In the meantime, I had been accosted by a very nice completely soused man who attempted to inform me of his need for more vodka. He did so in Russian however and, except for the words vodka, magazin (a small shop), and Guri (his name) I couldn’t understand a word he was saying. That is until a 14-year-old chain-smoking boy showed up who, though unable to speak English, was quite good at explaining things in a way which the pissed-as-a-newt Guri was not. I talked with them both for about an hour and a half learning a lot about their life and about Russian. My vocabulary surely doubled.

After Matt came back, I finally convinced Guri that I wasn’t going to buy any vodka or even schnapps for him, and bid goodbye and thank you to the boy. Matt and I made our way back to the hotel that evening, checked in around 2230 and were informed that we had the room until 1030 the next morning. We stocked the refrigerator with a drink we couldn’t identify which Matt thought was milk (tan it was called… neither of us enjoyed it) and some real milk (moloko, another Russian word). The next morning we had Müesli and oatmeal with 3.2% milk straight from the bag. Like being back at home.

Hunting for the US

Wednesday, August 19th, 2009

When we left off we had just arrived in Astana and were making our way South exploring the city. We were also looking for a place to register our visas, and keeping our eyes open for a hotel (which I had learned in Russian, thanks to my phrasebook, was gostinitsa).

Just north of the river we ran into a student who spoke some English, the first Anglophone we had met so far in Kazakhstan, and asked her if she knew where the US Embassy was, we had a few questions including where we could register our passports (we figured the Embassy could help us with that) and where to find an English-speaking church service (we had no idea if they could help us, but figured we’d ask anyway). She told us where she thought it was, pointing to an area on the map and telling us it was near “The Pyramid” (which turned out to have been designed by Sir Norman Foster himself). We went to where she said, found no pyramid, found no embassy, and made our way to the tower of Astana.

While under the tower, we spotted a few policemen in their giant, round hats lounging on a nearby street corner. I was a bit reticent to approach them, as I always am with policemen, for some reason (perhaps related to my experiences with extortion in other countries I’ve visited). But, Matt’s cool-headedness prevailed and we walked up to them. In broken, horribly pronounced Russian learned directly from the phrasebook I had been studying as we walked, we asked where the embassy was and, after quite a bit of map flipping and some squabbles among the three officers, were given a route to get to the embassy which was apparently right near the Pyramid, although the Pyramid was on the other side of the city from what we had been told.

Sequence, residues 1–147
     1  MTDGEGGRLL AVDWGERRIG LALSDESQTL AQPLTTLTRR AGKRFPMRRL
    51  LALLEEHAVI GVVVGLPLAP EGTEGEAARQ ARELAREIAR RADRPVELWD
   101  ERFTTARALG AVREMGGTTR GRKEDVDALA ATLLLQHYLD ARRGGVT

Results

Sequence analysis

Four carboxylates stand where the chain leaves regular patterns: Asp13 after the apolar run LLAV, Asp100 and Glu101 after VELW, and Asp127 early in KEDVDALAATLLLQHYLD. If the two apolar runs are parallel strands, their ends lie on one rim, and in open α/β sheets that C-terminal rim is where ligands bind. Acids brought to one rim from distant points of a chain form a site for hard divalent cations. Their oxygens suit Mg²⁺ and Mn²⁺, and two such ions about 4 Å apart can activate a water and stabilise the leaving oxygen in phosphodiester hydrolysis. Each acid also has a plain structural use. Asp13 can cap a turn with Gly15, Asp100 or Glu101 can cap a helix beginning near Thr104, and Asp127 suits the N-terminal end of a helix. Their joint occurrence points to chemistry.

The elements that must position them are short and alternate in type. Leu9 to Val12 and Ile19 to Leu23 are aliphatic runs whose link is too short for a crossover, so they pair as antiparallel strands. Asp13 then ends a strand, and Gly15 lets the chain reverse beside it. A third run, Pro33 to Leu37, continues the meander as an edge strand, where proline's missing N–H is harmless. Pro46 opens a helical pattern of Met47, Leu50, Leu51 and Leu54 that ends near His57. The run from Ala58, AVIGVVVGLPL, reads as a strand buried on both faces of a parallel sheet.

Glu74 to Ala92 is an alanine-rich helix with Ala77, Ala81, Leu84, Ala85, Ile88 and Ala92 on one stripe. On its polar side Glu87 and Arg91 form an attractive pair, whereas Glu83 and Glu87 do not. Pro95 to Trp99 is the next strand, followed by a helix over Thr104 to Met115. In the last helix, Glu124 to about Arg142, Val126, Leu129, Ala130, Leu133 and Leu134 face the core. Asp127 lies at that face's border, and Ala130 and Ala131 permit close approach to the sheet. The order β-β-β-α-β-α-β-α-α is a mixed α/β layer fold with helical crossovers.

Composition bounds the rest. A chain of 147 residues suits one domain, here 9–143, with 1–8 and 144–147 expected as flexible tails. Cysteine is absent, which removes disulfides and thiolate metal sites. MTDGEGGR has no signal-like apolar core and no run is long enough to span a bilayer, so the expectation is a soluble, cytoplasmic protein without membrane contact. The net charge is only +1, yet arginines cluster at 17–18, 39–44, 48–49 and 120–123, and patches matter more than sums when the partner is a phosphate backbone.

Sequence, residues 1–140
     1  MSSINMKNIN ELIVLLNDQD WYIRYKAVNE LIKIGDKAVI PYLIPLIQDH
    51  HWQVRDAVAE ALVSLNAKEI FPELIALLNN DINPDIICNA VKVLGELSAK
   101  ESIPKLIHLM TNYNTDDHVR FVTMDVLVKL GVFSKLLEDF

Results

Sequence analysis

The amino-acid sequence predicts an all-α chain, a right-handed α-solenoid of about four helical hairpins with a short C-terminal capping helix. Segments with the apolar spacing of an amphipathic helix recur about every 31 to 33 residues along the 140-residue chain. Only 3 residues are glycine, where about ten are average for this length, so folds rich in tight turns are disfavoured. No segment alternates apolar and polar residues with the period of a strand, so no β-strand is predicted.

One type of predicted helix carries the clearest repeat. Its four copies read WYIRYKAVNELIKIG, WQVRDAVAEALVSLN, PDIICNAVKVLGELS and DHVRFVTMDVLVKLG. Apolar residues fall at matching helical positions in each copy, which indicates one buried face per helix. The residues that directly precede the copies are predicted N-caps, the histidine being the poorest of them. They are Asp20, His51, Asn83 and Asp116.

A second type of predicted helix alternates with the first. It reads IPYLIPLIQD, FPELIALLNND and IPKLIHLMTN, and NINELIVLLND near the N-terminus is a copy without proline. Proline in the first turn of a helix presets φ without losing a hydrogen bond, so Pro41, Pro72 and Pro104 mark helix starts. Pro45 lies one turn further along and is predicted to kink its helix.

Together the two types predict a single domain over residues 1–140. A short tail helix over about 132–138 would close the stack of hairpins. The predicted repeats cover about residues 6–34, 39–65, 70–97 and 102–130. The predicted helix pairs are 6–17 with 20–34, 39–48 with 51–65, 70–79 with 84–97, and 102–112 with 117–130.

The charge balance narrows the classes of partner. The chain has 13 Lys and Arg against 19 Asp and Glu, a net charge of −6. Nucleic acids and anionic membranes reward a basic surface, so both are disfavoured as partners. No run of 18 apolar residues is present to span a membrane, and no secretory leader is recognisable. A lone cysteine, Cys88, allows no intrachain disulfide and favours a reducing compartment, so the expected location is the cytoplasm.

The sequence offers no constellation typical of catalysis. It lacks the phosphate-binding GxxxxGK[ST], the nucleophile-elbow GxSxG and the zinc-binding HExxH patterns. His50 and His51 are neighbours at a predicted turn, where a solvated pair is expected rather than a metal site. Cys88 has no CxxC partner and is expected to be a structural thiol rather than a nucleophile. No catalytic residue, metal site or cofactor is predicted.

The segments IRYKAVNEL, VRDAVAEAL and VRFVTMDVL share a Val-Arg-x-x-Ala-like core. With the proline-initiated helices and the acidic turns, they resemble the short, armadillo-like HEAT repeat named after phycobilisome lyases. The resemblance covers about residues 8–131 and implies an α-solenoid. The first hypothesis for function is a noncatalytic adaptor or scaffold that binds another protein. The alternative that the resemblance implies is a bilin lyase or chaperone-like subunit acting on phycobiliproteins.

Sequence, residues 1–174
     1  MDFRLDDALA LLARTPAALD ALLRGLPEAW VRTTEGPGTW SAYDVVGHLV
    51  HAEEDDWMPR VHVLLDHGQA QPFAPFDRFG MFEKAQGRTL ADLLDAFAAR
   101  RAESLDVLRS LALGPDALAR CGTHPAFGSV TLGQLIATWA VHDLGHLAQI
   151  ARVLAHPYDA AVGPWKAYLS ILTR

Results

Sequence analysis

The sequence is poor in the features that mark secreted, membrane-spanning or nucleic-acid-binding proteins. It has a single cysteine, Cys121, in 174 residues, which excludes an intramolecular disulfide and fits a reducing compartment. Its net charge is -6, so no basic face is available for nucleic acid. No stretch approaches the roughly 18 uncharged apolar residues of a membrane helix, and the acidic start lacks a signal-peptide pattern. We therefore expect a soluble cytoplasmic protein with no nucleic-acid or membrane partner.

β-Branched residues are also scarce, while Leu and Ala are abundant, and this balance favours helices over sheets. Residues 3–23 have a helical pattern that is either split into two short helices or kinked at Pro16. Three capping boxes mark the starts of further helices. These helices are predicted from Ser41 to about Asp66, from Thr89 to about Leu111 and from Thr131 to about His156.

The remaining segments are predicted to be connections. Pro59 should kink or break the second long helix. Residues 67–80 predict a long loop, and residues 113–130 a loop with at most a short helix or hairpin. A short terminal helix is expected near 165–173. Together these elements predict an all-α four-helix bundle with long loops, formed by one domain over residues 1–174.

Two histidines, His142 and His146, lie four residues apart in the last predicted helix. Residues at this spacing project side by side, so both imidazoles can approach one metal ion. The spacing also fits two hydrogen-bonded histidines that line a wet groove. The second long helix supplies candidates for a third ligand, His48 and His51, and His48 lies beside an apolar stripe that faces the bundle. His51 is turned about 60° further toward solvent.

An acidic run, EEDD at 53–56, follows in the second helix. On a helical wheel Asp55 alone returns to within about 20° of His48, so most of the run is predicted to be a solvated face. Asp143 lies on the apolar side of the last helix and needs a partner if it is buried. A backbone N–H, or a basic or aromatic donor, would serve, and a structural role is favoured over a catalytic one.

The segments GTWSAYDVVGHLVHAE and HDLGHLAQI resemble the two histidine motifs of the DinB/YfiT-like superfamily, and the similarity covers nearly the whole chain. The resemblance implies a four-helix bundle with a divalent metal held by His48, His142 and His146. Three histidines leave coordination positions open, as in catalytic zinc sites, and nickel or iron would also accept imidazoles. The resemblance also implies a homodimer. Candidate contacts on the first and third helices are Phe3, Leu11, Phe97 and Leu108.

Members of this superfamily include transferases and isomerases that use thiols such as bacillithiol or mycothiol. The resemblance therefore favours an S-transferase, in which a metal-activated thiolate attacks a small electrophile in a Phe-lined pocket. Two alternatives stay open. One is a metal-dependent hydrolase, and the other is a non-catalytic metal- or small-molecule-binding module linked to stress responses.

Before we left we asked the kind policemen where we could register our visas and were met with a bit of shock when we handed them our unregistered passports and informed them of our predicament. They told us they had no idea how to help us, drew a location on our map telling us someone there might be able to help us and bid us goodbye in Russian (dosvedanya), English (goodbye), and, for some reason, Italian (ciao). Matt and I headed off encouraged. We could communicate a bit in Russian and had a pretty good idea of where the Embassy was!

It took a bit of walking and the directions turned out to be a bit off. We were standing slightly forlornly on the street corner when all of the sudden I spotted a giant US flag waving proudly over a huge building (remember, Kazakhstan has oil). We had found it and were a bit proud of our nation for providing such a beacon of hope to us. That hope was crushed, however, when we approached the well-defended embassy and talked to the entrance guard, Dmitry. He spoke English slowly, with a stutter, and had a limited vocabulary. That was ok with us, however. What was not so ok was that the Embassy was closed for the day and wouldn’t be open until 8 or 9 the next morning. No help there.

We made our way back toward the city, it was along walk. We stopped at one “supermarket” (the sign for which I could now read after studying the Cyrillic alphabet for a bit), found the prices to be out of our range and kept trudging. That evening, however, we had our first break. We found a cafe by Matt’s intuition and my Russian reading and discovered that delicious tea was only 100KT and a plate of delicious crepes with sour-cream was only 200KT! For about €1 each we had a wonderful break from our walking, two cups of delicious green chai (another word I could read, hooray!) and some heartwarming crepes. We also listened to MTV Dance Russia… which was not so heartwarming and was rather loud over the cafe speakers.

We made our way back North, it was getting late and we didn’t find the train station until after 11 that evening. Upon arriving back at the hotel we found one fellow already asleep in our room and another just coming in for the night. I had a nice conversation with him in what English he understood. It turned out he was an Electrical Engineer just in town for a short stay and was leaving rather early the next morning. Matt and I bid him goodnight and made our way outside to surreptitiously, and quickly cooked up a pot of stew in the parking lot behind an ancient Soviet dump-truck and crawled quietly into our beds so as not to wake our two roommates. We slept in the next morning, although not particularly well as our roommates had to catch their trains early, one left loudly at around 0400 and the Electrical Engineer left a bit less loudly at around 06:30.